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When an object appears towards the radar sensor or goes away from the radar sensor, there is a change in the phase shift of the frequency and from that, the velocity can be inferred.

So, I have two questions.

  1. Is it also possible to find out the velocity "vector" ( ie which direction the object is moving to and not just the magnitude of the velocity of the object )

  2. If the object is neither moving towards the sensor nor away from the sensor ( moving tagentially ) , will there be still a phase shift on the radiated pulse?

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The answer to your first question is yes if you can resolve the change in bearing or azimuth as well as range in a sequence of measurements, and some variation of a Kalman Filter is used.

The answer to your second question is a lot more interesting because Special Relativity predicts a tangential Doppler shift. One common scenario used in presenting Special Relativity to students, involves two rocket ships flying at different near light speed velocities comparing their clocks.

This may interest you.

H. W. Thim, "Absence of the relativistic transverse Doppler shift at microwave frequencies," in IEEE Transactions on Instrumentation and Measurement, vol. 52, no. 5, pp. 1660-1664, Oct. 2003. doi: 10.1109/TIM.2003.817916 Abstract: An experiment is described showing that a 33-GHz microwave signal received by rotating antennas is not exhibiting the frequency shift ("transverse Doppler effect") predicted by the relativistic Doppler formula. The sensitivity of the apparatus used has been tested to be sufficient for detecting frequency shifts as small as 10-3 Hz which corresponds to the value of (v/c)2 = 5.10-14 used in the transverse Doppler shift experiment reported here. From the observed absence of the transverse Doppler shift it is concluded that either the time dilation predicted by the standard theory of special relativity does not exist in reality or, if it does, is a phenomenon which does not depend on relative velocities but may be a function of absolute velocities in the fundamental frame of the isotropic microwave background radiation. keywords: {Doppler shift;microwave antennas;microwave measurement;33 GHz;absolute velocities;isotropic microwave background radiation;microwave frequencies;relativistic transverse Doppler shift;rotating antennas;time dilation;Doppler effect;Doppler shift;Masers;Microwave antennas;Microwave frequencies;Microwave measurements;Microwave theory and techniques;Receiving antennas;Testing;Transmitting antennas}, URL: http://ieeexplore.ieee.org/stamp/stamp.jsp?tp=&arnumber=1240186&isnumber=27804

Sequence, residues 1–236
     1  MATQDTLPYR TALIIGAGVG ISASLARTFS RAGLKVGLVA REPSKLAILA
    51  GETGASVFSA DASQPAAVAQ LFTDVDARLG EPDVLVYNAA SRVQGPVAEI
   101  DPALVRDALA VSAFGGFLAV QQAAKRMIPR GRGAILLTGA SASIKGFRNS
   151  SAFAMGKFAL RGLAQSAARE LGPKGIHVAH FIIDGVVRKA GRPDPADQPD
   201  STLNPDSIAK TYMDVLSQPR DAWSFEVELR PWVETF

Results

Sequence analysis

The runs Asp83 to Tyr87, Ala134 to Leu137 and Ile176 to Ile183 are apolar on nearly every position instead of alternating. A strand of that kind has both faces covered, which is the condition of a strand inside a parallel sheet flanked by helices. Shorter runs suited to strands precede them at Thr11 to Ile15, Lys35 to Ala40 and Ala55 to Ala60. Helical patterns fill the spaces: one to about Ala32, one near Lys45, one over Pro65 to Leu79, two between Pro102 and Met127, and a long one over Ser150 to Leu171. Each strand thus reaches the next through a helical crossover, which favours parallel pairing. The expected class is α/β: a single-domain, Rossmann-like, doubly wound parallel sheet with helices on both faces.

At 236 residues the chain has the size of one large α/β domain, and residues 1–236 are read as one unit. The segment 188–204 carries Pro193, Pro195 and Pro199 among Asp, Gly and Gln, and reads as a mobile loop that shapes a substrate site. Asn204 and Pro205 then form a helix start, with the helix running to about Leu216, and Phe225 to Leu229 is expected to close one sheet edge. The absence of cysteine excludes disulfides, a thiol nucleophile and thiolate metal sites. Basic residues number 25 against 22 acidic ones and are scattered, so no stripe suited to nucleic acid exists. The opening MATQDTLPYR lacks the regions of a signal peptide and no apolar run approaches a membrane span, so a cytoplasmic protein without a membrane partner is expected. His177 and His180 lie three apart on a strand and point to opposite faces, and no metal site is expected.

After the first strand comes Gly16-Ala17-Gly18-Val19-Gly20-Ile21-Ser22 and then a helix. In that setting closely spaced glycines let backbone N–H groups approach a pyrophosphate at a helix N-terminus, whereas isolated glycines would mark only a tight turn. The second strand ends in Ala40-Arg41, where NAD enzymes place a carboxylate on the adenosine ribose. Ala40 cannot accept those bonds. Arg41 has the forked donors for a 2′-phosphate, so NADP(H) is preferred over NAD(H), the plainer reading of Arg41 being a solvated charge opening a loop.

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  • $\begingroup$ So, the radar sensors not only supplies the range ( through the time of flight ), but also the velocity mangitude ( using frequency shift ). Is my understanding correct? To the answer to my second question, actually, the paper quotes a very small resolution. I was more interested in real world applications such as aircrafts, automotive etc. Do you think, object velocity cannot be found because of this transverse doppler effect? $\endgroup$ – infoclogged Jan 31 '18 at 15:17
  • $\begingroup$ @infoclogged I don't know of any radar that can resolve a tangential component of velocity. The velocity comes from changes in azimuth and range, and sometimes Doppler range rate. There is a possibility of estimating an objects spin. My reading of the paper is that there was a careful effort to measure tangential velocity but couldn't find it. Special Relativity does predict an effect. Why it wasn't resolved is beyond my expertise. I mostly work in SONAR and there, classical Doppler comes from range rate alone. A Police Speed radar just works from the normal component Doppler. $\endgroup$ – user28715 Jan 31 '18 at 17:10
  • $\begingroup$ this explains all - radartutorial.eu/11.coherent/Radial%20Speed.en.html $\endgroup$ – infoclogged Apr 10 '18 at 13:20

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